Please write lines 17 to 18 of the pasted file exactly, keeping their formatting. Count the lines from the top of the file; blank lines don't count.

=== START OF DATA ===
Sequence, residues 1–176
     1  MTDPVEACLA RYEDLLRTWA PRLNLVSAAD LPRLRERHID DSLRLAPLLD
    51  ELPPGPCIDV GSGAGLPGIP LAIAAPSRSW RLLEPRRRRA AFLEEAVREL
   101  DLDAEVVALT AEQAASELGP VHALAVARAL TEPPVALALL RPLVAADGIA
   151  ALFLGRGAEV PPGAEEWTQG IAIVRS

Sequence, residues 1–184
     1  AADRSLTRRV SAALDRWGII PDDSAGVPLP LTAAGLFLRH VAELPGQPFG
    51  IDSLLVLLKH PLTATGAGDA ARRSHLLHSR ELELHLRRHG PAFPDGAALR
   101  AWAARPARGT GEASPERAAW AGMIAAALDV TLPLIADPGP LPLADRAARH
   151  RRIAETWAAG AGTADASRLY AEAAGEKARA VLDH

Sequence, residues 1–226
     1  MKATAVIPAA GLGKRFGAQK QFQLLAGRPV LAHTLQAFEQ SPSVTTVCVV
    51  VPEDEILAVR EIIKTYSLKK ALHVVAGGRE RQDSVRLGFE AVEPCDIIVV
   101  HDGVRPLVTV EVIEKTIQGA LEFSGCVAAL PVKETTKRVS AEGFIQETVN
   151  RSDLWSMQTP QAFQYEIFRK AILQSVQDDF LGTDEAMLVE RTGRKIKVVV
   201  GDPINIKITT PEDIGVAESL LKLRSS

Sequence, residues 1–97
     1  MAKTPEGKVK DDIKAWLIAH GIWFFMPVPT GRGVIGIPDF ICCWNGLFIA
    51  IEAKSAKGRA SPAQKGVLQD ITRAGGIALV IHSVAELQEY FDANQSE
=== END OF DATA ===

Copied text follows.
Sequence, residues 1–97
     1  MAKTPEGKVK DDIKAWLIAH GIWFFMPVPT GRGVIGIPDF ICCWNGLFIA